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Worst rainfall that triggered floods in Florida is over as affected residents clean up

A rare flash flood affects most of southern Florida, including this area in North Miami, Fla., on Thursday, June 13, 2024.  (Marta Lavandier / AP Photo)
A rare flash flood affects most of southern Florida, including this area in North Miami, Fla., on Thursday, June 13, 2024. (Marta Lavandier / AP Photo)

Although more rain could trigger additional isolated Florida flooding on Friday, forecasters say the strong, persistent storms that dumped up to 20 inches (50 centimetres) in southern parts of the state appear to have passed.

Some neighbourhood streets in the Miami and Fort Lauderdale areas still have standing water, although it is rapidly receding, officials said.

"The worst flooding risk was the last three days," said Sammy Hadi, a meteorologist with the National Weather Service in Miami. "The heaviest rainfall has concluded."

The no-name storm system pushed across Florida from the Gulf of Mexico at roughly the same time as the early June start of hurricane season, which this year is forecast to be among the most active in recent memory amid concerns that climate change is increasing storm intensity.

Florida Gov. Ron DeSantis held a media briefing in Hollywood, south of Fort Lauderdale, and said while more rain was coming, it's likely to be more typical of South Florida afternoon showers this time of year.

"We are going to get some more rain today, maybe throughout the balance of the weekend. Hopefully it's not approaching the levels that it was, but we have a lot of resources staged here and we'll be able to offer the state's assistance," he said.

DeSantis said the state has deployed about 100 pumps in addition to what cities and counties are using to try to clear water from streets.

Florida Emergency Management Director Kevin Guthrie said while flooding was extensive, there were no reports of destroyed homes and very few of severely damaged homes. No deaths or serious injuries have been reported.

"We don't think there's going to be enough damage to necessarily qualify for a federal disaster declaration," DeSantis said. But he added the storms may have affected enough business to qualify for Small Business Administration assistance.

The downpours hit Tuesday and continued into Wednesday, delaying flights at two of the state's largest airports and leaving vehicles waterlogged and stalled in some of the region's lowest-lying streets. The main problem was hundreds of vehicles that were stranded on streets as people were unable to navigate the flood waters.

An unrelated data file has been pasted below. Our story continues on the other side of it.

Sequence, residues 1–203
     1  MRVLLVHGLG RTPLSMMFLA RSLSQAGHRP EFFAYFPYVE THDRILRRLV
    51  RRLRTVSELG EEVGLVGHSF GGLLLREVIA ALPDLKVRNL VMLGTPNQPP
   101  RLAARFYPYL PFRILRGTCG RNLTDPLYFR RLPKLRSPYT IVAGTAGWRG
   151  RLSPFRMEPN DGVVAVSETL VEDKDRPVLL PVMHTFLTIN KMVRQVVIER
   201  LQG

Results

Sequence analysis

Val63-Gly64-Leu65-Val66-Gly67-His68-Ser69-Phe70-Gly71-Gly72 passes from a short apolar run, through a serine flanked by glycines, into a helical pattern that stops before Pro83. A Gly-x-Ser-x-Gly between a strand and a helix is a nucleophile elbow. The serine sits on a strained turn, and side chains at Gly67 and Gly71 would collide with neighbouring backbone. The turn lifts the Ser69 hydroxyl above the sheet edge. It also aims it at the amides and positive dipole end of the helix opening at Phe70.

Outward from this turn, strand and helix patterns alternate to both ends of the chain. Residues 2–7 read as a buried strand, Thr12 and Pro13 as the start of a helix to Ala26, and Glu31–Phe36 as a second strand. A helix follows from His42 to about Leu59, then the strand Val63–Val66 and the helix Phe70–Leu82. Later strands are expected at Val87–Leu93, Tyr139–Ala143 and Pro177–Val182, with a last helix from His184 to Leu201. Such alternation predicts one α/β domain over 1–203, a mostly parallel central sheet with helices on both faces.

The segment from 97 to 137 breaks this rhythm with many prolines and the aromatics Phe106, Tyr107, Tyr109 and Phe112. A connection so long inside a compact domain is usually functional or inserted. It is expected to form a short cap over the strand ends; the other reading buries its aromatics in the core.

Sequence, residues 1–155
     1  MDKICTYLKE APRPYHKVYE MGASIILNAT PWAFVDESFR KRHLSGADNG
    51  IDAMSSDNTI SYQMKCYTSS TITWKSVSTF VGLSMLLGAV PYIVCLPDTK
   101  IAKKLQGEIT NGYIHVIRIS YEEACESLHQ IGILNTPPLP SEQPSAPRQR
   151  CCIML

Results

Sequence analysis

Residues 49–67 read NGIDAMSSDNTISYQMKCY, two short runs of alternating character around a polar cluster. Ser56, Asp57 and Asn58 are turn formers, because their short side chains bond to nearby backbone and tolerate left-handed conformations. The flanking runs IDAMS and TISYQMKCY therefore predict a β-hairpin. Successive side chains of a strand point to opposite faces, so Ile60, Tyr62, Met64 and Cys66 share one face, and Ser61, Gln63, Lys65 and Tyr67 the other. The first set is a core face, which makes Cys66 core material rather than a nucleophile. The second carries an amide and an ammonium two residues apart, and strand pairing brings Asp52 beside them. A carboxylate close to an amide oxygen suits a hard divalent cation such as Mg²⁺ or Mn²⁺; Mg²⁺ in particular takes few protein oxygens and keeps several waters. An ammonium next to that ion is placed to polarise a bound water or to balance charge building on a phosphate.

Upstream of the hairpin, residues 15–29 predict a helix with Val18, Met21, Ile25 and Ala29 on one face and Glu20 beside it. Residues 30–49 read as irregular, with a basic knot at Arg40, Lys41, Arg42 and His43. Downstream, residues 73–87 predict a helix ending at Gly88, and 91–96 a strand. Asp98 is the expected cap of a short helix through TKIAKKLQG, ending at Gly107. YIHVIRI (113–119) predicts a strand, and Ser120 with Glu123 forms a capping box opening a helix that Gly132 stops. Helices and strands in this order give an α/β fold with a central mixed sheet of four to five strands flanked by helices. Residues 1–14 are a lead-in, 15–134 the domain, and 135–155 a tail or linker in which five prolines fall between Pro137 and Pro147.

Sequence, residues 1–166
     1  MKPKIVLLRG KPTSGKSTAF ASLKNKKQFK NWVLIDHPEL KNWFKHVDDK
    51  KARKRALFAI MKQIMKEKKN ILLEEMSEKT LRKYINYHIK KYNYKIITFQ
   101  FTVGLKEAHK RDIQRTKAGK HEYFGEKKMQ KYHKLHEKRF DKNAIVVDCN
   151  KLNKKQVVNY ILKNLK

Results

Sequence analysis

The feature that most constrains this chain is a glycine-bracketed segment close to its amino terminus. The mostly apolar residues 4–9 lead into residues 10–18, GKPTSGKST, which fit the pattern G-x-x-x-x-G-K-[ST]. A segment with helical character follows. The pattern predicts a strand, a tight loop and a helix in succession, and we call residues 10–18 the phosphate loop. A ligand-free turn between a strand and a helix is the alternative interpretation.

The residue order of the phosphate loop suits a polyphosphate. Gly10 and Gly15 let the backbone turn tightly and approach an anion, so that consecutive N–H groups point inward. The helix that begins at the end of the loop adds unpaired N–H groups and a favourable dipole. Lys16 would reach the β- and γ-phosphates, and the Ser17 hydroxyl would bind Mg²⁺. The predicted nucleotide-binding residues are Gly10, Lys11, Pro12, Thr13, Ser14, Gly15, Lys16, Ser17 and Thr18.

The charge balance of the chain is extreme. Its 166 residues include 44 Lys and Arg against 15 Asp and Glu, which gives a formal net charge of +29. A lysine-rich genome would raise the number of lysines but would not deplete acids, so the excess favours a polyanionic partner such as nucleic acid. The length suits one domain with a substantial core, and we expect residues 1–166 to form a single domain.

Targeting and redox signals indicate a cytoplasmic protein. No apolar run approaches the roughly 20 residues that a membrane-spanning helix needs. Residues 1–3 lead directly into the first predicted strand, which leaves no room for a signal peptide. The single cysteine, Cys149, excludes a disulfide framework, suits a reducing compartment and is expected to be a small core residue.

"Looked like the beginning of a zombie movie," said Ted Rico, a tow truck driver who spent much of Wednesday night and Thursday morning helping to clear the streets of stalled vehicles. "There's cars littered everywhere, on top of sidewalks, in the median, in the middle of the street, no lights on. Just craziness, you know. Abandoned cars everywhere."

Rico, of One Master Trucking Corp., was born and raised in Miami and said he was ready for the emergency.

"You know when its coming," he said. "Every year it's just getting worse, and for some reason people just keep going through the puddles."

In Aventura, north of Miami, Juan Gomez, a 27-year resident of South Florida, has never seen flooding as severe as the recent storm that hit his rental unit. He said Friday he is preparing for future storms, having experienced firsthand the devastating effects of flooding on his property Tuesday and Wednesday.

"We were taking water from 5 p.m. to 11 p.m. that night. And we did as much as we could. Yeah, but still some furniture got damaged. Some of the kitchen cabinets and the bathroom cabinets got damaged because of the water and the material in the floors, definitely, they need to be changed," Gomez said.

"So it is hard and we have to be prepared," he added. "We are going to be more prepared. In fact, we are trying to get some supplies if something comes in the few next weeks. So, like sandbags, more supplies to be prepared."


Associated Press writers Curt Anderson in St. Petersburg and Stephany Matat, in Hallandale Beach, contributed to this story. Top Stories

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